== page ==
Nearly forty years ago, I was the only full-time staff member at my church.  A man approached me in the parking lot after the Sunday night service and told me that if the pastor didn’t start changing his behavior, ten percent of the congregation was going to leave the church.

My impression was that he was trying to recruit me to his cause … which was a lost cause … because I fully supported my pastor … even when I didn’t always agree with him.

But I’ll never forget how determined that man was … and such passion does make one think.

Third, they tend to cut off contact with their pastor.

When I was under attack eight years ago, my wife and I were told to stay away from the church campus while a new board was put in place.  (The old board had resigned en masse.)

However, we were not given a gag order.

While we hibernated at home, how many of our 380 supporters reached out to us?

Very few.

We did receive flowers a few times.

We received a few notes that said “we’re praying for you” or “we love you.”

We had a few people come to our door unannounced.

We received a handful of emails asking, “What’s going on here?”

But few of our supporters ever said, “We believe in you” or “we stand with you” or “we will defend you.”

Most stopped contacting us.

It felt like we were under house arrest.

In many churches, when the pastor is under attack, the church board explicitly tells people, “We do not want you contacting the pastor.”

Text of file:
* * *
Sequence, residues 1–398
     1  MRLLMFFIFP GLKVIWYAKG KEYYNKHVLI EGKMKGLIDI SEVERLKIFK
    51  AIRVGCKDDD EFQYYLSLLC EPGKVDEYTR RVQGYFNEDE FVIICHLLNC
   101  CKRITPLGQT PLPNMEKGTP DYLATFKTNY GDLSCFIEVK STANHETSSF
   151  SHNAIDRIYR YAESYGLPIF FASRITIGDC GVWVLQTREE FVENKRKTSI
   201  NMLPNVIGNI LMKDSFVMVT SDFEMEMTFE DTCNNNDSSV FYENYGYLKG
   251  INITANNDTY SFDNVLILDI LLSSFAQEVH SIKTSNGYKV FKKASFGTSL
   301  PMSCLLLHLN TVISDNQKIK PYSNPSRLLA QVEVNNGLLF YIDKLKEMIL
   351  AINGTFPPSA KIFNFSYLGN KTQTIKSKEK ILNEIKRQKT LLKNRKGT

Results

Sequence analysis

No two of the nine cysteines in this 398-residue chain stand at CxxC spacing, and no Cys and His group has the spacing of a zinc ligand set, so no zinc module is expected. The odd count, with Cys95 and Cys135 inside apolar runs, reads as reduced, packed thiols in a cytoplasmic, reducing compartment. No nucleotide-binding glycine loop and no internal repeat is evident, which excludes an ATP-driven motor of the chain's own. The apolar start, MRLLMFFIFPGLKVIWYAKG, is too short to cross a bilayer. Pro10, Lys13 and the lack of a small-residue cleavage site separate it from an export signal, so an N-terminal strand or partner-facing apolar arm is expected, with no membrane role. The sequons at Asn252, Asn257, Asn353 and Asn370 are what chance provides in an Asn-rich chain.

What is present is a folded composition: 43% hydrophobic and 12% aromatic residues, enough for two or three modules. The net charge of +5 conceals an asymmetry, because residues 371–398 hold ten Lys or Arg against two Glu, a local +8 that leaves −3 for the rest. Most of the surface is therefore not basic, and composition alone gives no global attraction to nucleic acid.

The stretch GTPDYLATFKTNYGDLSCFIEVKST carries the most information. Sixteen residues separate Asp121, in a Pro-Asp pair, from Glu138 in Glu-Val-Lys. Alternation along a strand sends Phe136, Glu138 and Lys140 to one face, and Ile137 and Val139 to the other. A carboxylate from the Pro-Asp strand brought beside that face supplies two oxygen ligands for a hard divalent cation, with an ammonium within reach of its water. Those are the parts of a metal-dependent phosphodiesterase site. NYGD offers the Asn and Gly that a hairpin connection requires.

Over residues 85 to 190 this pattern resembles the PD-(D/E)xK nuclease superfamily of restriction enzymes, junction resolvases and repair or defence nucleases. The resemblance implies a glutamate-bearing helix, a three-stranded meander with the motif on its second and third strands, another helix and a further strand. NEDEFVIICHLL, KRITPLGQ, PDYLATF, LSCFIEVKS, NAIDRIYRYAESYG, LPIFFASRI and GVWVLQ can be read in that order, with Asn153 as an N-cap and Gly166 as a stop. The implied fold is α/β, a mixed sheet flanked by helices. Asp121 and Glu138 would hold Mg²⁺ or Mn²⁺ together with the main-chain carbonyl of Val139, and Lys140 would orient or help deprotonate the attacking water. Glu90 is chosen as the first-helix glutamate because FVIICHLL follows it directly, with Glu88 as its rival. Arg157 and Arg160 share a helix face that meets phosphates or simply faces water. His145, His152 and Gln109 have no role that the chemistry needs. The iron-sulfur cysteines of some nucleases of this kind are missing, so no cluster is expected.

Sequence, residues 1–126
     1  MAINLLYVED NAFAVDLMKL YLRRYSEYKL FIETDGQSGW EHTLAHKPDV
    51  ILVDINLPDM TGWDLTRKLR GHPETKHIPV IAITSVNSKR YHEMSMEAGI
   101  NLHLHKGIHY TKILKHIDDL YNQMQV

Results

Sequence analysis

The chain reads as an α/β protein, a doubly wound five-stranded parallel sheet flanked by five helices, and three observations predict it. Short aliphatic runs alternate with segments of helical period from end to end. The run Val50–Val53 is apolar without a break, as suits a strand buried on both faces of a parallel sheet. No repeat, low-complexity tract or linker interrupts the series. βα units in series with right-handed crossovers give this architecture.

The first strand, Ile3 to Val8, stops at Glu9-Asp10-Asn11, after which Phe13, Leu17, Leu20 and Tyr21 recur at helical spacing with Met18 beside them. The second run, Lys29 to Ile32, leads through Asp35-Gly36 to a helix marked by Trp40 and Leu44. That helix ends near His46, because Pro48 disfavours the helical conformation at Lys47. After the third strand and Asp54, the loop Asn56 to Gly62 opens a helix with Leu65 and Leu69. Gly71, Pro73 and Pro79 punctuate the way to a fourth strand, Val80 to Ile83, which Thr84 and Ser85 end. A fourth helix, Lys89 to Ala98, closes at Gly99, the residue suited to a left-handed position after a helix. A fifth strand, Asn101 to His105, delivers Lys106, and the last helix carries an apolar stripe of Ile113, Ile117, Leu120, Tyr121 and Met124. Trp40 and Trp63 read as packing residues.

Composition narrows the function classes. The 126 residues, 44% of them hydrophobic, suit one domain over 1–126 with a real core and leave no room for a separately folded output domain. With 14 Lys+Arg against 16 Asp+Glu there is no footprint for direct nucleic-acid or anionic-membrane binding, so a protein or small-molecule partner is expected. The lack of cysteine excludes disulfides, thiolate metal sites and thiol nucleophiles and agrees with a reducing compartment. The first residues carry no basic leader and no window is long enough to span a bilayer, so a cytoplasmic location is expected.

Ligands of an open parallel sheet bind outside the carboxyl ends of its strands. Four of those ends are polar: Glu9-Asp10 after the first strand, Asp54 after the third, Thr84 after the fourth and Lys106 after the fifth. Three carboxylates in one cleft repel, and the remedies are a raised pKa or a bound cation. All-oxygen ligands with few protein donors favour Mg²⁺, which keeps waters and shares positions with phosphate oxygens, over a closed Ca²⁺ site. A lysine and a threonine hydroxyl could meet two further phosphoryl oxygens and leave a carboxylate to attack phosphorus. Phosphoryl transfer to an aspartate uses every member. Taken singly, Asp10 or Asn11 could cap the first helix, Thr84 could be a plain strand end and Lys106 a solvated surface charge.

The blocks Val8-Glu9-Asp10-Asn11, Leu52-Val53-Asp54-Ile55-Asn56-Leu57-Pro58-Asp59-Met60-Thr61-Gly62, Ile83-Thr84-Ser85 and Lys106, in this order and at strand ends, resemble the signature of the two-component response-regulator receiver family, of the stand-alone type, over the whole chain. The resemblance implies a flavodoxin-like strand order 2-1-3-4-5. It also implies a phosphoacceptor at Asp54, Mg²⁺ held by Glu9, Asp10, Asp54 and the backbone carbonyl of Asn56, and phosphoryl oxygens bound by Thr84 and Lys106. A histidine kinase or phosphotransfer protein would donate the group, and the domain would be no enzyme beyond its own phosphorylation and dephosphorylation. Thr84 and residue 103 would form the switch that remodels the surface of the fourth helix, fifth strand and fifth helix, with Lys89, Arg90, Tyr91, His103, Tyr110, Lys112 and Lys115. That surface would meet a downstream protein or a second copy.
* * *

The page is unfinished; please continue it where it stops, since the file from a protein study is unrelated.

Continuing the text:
To be fair, a team of five people had been appointed to investigate the charges against me, and I didn’t want to interfere with their investigation.  (And in the end, they eventually told the church that I was not guilty of any wrongdoing.)

But I felt isolated from the congregation I loved.

The worship team rehearsed in the worship center every Thursday evening.  One night, I was scheduled to meet with the new board, but they weren’t ready for me, so I had to hang around the campus … which I hadn’t done for many weeks.

People … even friends … avoided me.

One man came up to me … quietly hugged me … and moved on.

I felt like an outcast in my own congregation.

Church life was going on … but I wasn’t part of it anymore.

When the pastor is under attack, he is the best source of information to counter the charges of his opponents.

But because there’s a cloud hovering over him, most people circumvent him … and lose their best source of information to counter the allegations.

Finally, they don’t know what they’re allowed to say or do.

Just imagine.